The recipe listed by Field is for a yeasted bread: it is easy to make, and it tastes good too. But to my mind, the bread made in the Renaissance courts of the d’Este family would have been made with something like a biga or lievito madre. Using my standard sourdough starter, a very fine traditional Panmarino can be made. Some of the recipes I have drawn on suggest a long gestation time of 4 days. I’m happy with a 24 hour time frame, given a ready starter, one that has been refreshed over a day or so. I also like to add a little wholemeal to mine, in keeping with a loaf of the past.
Sourdough Panmarino, un pane per la bella Beatrice d’Este.
I have simplified this bread for speed and ease of making. I’ve played with the proportions of starter and am happy with the results so far. If you would like to follow one source of this recipe, see here. Before making this recipe, refresh your starter three times over a day or so, then start the process in the morning.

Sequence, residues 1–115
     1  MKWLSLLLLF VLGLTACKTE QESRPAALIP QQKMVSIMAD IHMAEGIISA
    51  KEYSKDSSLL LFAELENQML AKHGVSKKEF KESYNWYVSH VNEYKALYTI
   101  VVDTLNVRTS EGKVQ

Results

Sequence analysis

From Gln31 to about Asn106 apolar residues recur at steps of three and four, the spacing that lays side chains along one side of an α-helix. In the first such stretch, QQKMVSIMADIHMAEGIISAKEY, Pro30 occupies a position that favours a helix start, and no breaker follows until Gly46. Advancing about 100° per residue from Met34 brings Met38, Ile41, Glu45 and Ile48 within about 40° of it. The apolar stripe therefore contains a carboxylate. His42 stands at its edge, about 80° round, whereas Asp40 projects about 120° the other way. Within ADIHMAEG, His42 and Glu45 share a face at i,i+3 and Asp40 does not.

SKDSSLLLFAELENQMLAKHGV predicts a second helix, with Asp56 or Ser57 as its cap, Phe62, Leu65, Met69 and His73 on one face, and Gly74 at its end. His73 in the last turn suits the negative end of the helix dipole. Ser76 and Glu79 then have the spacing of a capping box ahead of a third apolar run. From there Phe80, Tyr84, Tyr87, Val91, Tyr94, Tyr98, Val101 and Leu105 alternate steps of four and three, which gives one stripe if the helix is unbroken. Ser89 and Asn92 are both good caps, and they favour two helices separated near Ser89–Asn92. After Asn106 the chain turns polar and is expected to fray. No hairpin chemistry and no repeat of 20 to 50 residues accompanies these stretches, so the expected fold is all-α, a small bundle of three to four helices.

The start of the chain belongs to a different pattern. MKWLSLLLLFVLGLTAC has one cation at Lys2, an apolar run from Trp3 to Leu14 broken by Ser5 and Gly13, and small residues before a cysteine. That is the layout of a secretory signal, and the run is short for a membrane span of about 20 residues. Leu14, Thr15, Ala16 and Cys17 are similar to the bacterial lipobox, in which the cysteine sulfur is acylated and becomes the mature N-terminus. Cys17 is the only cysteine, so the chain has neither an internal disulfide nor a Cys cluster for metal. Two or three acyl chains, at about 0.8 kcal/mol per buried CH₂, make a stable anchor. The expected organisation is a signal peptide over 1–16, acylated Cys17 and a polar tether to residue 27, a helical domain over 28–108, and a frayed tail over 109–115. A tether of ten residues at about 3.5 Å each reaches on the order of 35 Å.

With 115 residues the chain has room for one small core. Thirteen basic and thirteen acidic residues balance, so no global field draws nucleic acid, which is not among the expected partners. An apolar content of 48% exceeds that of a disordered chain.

150 g bubbly active sourdough starter
150 g water filtered or tank, at least not chlorinated
150 g whole milk
500g baker’s white flour or a mixture of baker’s white flour, ie 400g and wholemeal plain flour 100g
5 g diastatic malt 5g ( optional)
10 g sea salt
40 g olive oil
20 g or less chopped fresh rosemary
salt flakes such as Maldon for the shaped loaf
Weigh the the starter, water and milk then add to a large mixing bowl. Add the flour (s) and malt and mix roughly with your hands. It will look like a shaggy pile. Cover with a shower cap or plastic film and leave for 20 minutes or so.